Frederick Platt hether mansion or office tower, all the diverse structures that architect Horace Trumbauer erected in West Virginia were built in the same city for the same family. Fairmont was that city, the largest in Marion County and its county seat. Less than twenty-five miles below the Pennsylvania border, the city had arisen on the western bank of the Monongahela River as it meanders up to Pittsburgh. What is more, Fairmont was the site of the state's largest coalfield, fuel for the industrialization that gripped the nation after the Civil War. Railroads that hauled the local variety of bituminous coal would in addition find it ideal for powering their locomotives, so that many an eastern line ran on Fairmont coal. Whoever controlled this coalfield could expect great wealth, and that was the Watson family. Often called "father of the West Virginia coal industry,"1 James Otis Watson would gather thirty-seven mines into his Fairmont Coal Company. Soon after he died in 1902 at age eighty-seven, his holdings became the farther-flung Consolidation Coal Company with his youngest child, Clarence, as its president. This switch is symbolic of the one taking place in American business around the turn of the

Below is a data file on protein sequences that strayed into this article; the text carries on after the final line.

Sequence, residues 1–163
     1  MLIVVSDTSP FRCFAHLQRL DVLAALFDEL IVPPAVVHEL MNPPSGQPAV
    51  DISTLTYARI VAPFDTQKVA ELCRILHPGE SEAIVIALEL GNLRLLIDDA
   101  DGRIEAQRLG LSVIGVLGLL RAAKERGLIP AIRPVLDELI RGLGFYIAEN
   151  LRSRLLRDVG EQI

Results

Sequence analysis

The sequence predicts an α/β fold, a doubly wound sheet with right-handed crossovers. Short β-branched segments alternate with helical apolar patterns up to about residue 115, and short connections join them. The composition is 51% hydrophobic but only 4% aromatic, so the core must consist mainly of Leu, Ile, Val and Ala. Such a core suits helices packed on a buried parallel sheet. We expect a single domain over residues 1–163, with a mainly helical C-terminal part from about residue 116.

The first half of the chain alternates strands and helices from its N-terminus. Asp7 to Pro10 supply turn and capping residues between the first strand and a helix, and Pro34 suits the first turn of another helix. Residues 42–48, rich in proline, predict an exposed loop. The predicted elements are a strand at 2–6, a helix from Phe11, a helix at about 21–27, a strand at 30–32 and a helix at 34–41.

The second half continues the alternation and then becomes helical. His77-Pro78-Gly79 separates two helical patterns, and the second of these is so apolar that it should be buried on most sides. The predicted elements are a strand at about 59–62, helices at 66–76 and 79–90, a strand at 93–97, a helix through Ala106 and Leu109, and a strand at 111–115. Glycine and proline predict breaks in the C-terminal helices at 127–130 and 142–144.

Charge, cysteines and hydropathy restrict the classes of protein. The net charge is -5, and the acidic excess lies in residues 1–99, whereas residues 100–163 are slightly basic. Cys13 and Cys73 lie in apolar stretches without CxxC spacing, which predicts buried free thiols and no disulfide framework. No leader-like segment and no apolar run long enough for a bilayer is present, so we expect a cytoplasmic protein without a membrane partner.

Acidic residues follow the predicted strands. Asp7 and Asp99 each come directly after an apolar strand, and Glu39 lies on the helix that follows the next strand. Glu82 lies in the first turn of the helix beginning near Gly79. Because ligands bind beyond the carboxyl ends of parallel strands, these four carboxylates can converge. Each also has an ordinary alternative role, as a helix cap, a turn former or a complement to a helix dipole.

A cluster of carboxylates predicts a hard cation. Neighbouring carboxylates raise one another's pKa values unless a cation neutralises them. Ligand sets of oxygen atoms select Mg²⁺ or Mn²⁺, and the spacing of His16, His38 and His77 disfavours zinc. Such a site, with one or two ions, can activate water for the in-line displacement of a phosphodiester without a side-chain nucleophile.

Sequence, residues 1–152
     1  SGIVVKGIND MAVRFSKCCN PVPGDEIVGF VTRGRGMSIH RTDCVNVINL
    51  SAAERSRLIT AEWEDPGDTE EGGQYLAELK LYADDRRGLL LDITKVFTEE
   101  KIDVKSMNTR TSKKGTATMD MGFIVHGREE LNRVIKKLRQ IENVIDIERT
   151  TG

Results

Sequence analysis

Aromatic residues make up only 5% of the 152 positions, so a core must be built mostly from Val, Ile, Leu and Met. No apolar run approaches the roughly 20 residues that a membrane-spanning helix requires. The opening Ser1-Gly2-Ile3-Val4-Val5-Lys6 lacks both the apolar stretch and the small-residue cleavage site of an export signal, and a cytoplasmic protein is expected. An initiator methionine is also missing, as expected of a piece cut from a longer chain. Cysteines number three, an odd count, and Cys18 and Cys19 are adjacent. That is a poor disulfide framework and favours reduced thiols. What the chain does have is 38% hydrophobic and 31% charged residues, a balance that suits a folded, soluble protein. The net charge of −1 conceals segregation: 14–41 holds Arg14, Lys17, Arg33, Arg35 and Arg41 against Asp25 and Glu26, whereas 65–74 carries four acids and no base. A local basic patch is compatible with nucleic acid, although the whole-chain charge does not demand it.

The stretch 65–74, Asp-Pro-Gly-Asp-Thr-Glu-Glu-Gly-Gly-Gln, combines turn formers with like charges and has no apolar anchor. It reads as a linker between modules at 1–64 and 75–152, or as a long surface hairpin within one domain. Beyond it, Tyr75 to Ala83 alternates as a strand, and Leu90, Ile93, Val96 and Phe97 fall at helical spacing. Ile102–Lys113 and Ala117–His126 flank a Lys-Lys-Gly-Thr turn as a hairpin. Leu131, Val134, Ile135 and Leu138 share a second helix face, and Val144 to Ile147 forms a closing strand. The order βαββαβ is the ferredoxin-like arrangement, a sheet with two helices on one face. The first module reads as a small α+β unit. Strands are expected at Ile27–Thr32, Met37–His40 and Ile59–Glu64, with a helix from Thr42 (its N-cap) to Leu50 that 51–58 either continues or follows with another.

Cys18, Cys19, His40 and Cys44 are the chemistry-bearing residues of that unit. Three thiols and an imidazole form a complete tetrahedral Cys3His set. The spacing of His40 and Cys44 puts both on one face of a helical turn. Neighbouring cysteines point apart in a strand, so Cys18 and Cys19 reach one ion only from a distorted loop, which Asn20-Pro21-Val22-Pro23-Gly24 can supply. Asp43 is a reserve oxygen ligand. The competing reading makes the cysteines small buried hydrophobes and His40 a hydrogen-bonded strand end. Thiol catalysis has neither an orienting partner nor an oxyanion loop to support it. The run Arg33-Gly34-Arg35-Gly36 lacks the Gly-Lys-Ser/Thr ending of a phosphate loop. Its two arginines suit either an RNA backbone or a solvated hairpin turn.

West Virginia History: A Journal of Regional Studies – West Virginia University Press
Published: Mar 31, 2011
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